Support Noozhawk Today

You are an important ally in our mission to deliver clear, objective, high-quality professional news reporting for Santa Barbara, Goleta and the rest of Santa Barbara County. Join the Hawks Club today to help keep Noozhawk soaring.

We offer four membership levels: $5 a month, $10 a month, $25 a month or $1 a week. Payments can be made using a credit card, Apple Pay or Google Pay, or click here for information on recurring credit-card payments and a mailing address for checks.

Thank you for your vital support.

Become a Noozhawk Supporter

First name
Last name
Email
Select your monthly membership
Or choose an annual membership
×

Payment Information

Membership Subscription

You are enrolling in . Thank you for joining the Hawks Club.

Payment Method

Pay by Credit Card:

Mastercard, Visa, American Express, Discover
One click only, please!

Pay with Apple Pay or Google Pay:

Noozhawk partners with Stripe to provide secure invoicing and payments processing.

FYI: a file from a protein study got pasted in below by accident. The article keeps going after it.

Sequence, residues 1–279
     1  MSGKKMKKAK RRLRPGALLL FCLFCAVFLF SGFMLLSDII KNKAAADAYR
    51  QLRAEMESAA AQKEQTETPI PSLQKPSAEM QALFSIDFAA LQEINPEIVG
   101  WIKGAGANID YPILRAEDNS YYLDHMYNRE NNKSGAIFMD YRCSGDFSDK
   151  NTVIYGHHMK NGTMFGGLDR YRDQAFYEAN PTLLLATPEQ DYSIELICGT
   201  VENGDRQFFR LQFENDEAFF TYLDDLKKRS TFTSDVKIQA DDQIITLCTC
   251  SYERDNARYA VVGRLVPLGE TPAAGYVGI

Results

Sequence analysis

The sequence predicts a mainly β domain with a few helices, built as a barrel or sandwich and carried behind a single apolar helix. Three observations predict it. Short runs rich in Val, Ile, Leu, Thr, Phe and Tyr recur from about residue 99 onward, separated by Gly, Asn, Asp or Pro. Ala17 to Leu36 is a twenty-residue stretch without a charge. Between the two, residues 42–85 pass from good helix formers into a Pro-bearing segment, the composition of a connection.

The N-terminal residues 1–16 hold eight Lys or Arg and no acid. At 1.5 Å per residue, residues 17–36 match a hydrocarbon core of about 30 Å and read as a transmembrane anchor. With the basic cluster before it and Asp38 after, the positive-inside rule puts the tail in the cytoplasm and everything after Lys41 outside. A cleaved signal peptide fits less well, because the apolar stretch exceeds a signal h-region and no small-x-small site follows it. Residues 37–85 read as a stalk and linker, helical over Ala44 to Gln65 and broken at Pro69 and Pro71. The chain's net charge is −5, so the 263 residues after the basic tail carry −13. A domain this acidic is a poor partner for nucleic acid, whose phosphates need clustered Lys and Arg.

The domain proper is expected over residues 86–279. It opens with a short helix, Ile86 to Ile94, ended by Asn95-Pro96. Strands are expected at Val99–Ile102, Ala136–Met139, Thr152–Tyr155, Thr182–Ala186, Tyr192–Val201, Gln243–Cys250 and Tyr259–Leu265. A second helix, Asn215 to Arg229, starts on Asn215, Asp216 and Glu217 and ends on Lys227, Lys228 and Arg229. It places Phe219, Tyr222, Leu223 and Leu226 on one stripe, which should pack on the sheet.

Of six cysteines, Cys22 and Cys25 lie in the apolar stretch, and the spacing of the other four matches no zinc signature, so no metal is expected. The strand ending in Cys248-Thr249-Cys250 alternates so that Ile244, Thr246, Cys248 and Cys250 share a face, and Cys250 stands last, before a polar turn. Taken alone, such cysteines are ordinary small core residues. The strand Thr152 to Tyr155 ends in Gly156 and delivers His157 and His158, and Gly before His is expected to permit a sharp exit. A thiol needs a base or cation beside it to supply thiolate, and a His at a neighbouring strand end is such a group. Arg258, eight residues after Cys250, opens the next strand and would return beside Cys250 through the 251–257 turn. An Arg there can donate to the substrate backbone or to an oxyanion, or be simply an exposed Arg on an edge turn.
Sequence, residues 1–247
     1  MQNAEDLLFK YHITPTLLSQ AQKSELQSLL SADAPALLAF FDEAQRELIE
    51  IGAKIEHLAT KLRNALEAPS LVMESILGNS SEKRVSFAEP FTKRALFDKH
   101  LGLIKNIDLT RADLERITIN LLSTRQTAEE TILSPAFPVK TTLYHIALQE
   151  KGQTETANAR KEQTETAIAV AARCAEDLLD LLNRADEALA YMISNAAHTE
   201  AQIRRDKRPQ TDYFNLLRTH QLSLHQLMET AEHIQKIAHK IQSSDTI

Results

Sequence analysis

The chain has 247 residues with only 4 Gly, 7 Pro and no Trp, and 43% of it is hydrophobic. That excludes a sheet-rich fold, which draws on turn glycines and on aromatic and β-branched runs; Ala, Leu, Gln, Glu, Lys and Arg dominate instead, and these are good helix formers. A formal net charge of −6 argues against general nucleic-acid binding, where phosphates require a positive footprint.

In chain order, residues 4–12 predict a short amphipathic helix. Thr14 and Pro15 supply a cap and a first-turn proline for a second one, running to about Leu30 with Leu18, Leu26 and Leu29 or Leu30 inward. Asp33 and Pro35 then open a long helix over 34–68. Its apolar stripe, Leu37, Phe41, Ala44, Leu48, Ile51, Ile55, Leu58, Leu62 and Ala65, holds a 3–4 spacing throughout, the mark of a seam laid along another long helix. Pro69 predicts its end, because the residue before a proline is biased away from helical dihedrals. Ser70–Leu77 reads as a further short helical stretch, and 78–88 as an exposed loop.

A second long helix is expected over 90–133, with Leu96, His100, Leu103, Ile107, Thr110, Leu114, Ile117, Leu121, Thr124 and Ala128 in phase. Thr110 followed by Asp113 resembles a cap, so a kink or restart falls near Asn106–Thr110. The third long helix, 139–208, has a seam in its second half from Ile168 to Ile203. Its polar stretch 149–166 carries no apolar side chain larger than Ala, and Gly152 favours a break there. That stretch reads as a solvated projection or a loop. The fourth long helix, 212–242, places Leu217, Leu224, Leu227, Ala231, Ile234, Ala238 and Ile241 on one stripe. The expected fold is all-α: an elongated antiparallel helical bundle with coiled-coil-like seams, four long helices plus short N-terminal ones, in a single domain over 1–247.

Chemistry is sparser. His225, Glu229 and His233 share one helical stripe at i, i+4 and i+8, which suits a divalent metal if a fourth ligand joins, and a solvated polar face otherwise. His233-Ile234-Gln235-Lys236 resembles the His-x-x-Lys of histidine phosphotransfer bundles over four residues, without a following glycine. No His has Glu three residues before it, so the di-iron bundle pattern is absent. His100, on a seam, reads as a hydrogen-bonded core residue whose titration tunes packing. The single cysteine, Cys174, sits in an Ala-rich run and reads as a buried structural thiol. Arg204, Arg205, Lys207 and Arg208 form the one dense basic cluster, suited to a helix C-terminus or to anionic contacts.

You may cancel your membership at any time by sending an email to .(JavaScript must be enabled to view this email address).

  • Ask
  • Vote
  • Investigate
  • Answer

Noozhawk Asks: What’s Your Question?

Welcome to Noozhawk Asks, a new feature in which you ask the questions, you help decide what Noozhawk investigates, and you work with us to find the answers.

Here’s how it works: You share your questions with us in the nearby box. In some cases, we may work with you to find the answers. In others, we may ask you to vote on your top choices to help us narrow the scope. And we’ll be regularly asking you for your feedback on a specific issue or topic.

We also expect to work together with the reader who asked the winning questions to find the answer together. Noozhawk’s objective is to come at questions from a place of curiosity and openness, and we believe a transparent collaboration is the key to achieve it.

The results of our investigation will be published here in this Noozhawk Asks section. Once or twice a month, we plan to do a review of what was asked and answered.

Thanks for asking!

Click Here to Get Started >

Reader Comments

Noozhawk is no longer accepting reader comments on our articles. Click here for the announcement. Readers are instead invited to submit letters to the editor by emailing them to [email protected]. Please provide your full name and community, as well as contact information for verification purposes only.

Daily Noozhawk

Subscribe to Noozhawk's A.M. Report, our free e-Bulletin sent out every day at 4:15 a.m. with Noozhawk's top stories, hand-picked by the editors.

Sign Up Now >